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by Yung Ma


Could you please describe the driving thought behind the biennial you are involved in?
The ideas behind this year’s Seoul Mediacity Biennale began with something that I have been interested in for a while… the power of popular media, and what we can learn from it, the strategies employed, to extend visual arts’ reach and to have a greater impact or to be more direct and relevant? The concept of escapism came much later, in the sense that I thought it would be a very nice way to tie things together. And slowly I think escapism has become a catalyst, a means by which we can confront the troubled realities we live in today. But, of course, with the current ongoing global health crisis, the idea of escapism has taken on an altogether unexpected meaning, and it is something I would like to try to unpack. Ultimately, I have known from quite early on that I might not be able to have all the answers, but it’s important I try to look for them together with all the people involved in the project.

Could you please discuss the following shifts: politicization and depoliticization, de- and re-centering of the West, the art-theory interface, and mediation strategies.
I’m probably going to sound very old-fashioned, or naïve, or radical here, depending on your standpoint. I think when it comes to any discussion related to the ideas of (de)politicization or (de/re)centering of the West, we often forget that whatever we produce or put forth, it’s going to be a kind of human expression. So, in a sense, I hope we can actually all move beyond just focusing on the political or geographical origins of the makers, and instead try to evaluate them on a more equal playing field. These expressions can be political, or they can be coming from a Western viewpoint or elsewhere, but what’s crucial is that we as curators and exhibition-makers are able to weave them into  narratives that’re relevant and important on a human level—regardless of culture.

Which curatorial formats are necessary to propose a space of radical democracy?
It’s clear that there have been many discussions in various outlets, forums, and spaces about how our societies are going to be changed after the pandemic. And these conversations go beyond the idea of reforming democracy. I am not sure how much we are actually going to change, and whether we will change for the better… there are already signs that big corporations will once again be the big winners in this. But I think rather than thinking merely within the confines of the curatorial, it’s perhaps better if we could try to get involved in these conversations elsewhere, spaces that are more open, more public, and arguably more democratic.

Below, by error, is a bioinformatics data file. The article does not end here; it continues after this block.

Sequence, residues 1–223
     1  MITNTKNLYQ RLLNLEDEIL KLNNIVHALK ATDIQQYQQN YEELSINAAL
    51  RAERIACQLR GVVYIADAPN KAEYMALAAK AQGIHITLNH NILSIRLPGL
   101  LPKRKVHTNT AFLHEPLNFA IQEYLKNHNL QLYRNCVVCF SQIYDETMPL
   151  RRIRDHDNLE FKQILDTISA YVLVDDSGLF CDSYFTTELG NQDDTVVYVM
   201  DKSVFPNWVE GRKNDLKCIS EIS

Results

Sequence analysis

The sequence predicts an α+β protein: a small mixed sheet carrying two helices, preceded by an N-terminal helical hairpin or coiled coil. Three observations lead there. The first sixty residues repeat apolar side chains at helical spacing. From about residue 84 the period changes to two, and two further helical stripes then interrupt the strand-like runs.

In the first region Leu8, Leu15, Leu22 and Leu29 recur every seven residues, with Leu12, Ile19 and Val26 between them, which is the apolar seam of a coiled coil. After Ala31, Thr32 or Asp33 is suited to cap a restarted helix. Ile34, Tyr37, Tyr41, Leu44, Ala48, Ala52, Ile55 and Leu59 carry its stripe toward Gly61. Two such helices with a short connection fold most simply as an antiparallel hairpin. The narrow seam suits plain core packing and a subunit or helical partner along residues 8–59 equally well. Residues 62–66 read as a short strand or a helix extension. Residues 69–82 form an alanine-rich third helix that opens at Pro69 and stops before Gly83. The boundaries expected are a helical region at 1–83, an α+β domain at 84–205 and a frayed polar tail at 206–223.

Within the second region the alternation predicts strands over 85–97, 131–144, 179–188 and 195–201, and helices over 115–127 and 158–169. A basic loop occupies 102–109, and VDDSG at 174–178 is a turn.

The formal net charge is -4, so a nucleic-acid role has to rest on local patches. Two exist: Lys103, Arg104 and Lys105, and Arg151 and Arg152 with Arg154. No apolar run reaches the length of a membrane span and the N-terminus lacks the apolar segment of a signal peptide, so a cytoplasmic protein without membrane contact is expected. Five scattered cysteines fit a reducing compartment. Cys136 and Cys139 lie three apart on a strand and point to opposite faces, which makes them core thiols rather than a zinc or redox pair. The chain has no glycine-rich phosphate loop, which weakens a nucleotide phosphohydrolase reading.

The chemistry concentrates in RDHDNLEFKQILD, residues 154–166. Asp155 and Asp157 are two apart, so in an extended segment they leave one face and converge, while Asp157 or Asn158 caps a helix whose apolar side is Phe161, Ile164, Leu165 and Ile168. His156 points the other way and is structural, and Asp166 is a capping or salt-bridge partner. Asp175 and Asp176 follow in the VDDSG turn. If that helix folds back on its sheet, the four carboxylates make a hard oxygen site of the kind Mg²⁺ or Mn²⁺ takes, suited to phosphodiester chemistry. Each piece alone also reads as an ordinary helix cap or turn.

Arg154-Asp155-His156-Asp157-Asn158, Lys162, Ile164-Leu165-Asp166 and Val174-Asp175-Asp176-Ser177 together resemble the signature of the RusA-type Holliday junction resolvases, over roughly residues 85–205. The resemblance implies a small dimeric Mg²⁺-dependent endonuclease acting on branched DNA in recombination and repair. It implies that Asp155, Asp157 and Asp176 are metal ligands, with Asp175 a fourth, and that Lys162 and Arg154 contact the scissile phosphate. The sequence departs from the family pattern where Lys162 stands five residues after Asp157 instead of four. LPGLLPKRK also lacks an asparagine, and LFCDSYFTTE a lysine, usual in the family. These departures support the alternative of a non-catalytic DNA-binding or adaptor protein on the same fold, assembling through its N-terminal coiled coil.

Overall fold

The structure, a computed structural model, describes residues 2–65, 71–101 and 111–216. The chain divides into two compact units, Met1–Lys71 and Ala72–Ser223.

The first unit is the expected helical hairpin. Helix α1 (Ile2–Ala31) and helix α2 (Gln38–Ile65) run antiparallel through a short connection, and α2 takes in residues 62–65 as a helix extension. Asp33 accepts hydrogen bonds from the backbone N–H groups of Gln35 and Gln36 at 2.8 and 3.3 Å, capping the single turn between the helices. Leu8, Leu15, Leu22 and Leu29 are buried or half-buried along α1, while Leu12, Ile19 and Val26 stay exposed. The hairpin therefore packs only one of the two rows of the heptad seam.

How do formats reflect/interrelate content (in your biennial)?
Like many contemporary art projects, the upcoming edition of the Seoul Mediacity Biennale will have two large components, namely the exhibition and the public programmes. I suppose this is a very conventional format, but the idea for the ‘programme’ is that it will evoke and, to a certain extent, mimic the logic of a distribution network within the popular media landscape. We hope, as much as we can under the current circumstance, to involve as many ‘public’ spaces—such as media walls, shops, cafes, Seoul-based independent spaces—as possible to display works or versions of works in the exhibition ‘off-site.’ So, we will essentially ‘distribute’ them repeatedly throughout the city, ideally just like how media contents are being ‘streamed’ nowadays everywhere simultaneously. We are also in the midst of reorganizing the content to make the programme even more local-facing. In the likely absence of an international audience, could this be an opportunity to truly implement and emphasize the idea of locality within the biennial framework? It would be very remiss in stopping short to rethink the meaning of staging a so-called international art event in our new, and forced, de-globalized period.


Yung Ma is currently the Artistic Director for the Seoul Mediacity Biennale 2020, which opens at SeMA (Seoul Museum of Art) in September this year. Formerly Curator of the Contemporary Art and Prospective Department at the Centre Pompidou in Paris, and Associate Curator of Moving Image at M+ in Hong Kong, Ma was also twice co-curator of the Hong Kong Pavilion at the Venice Biennale (2009 and 2013).

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Issue 46 / June 2020

Contemporary Art Biennales – Our Hegemonic Machines in Times of Emergency

by Ronald Kolb, Shwetal A. Patel, Dorothee Richter

by Daniel Knorr

by Roma Jam Session art Kollektiv

by Delia Popa

by Diana Dulgheru

by Daniel Knorr

by Farid Rakun

by Raqs Media Collective

by Defne Ayas and Natasha Ginwala

by Ekaterina Degot

by Yung Ma

by Eva González-Sancho Bodero and Per Gunnar Eeg-Tverbakk

by Raluca Voinea

by Răzvan Ion

by Daniel Knorr

by Lara van Meeteren and Bart Wissink

by Raqs Media Collective

by Robert E. D’Souza

By Manifesta 12 Creative Mediators: Bregtje van der Haak, Andrés Jaque, Ippolito Pestellini Laparelli, Mirjam Varadinis

WHW in conversation with Omar Kholeif

by Henk Slager

by Vasyl Cherepanyn

by Ksenija Orelj

by Catherine David

by Okwui Enwezor

by Sabeth Buchmann and Ilse Lafer

by Julia Bethwaite and Anni Kangas

by Federica Martini

by Vittoria Martini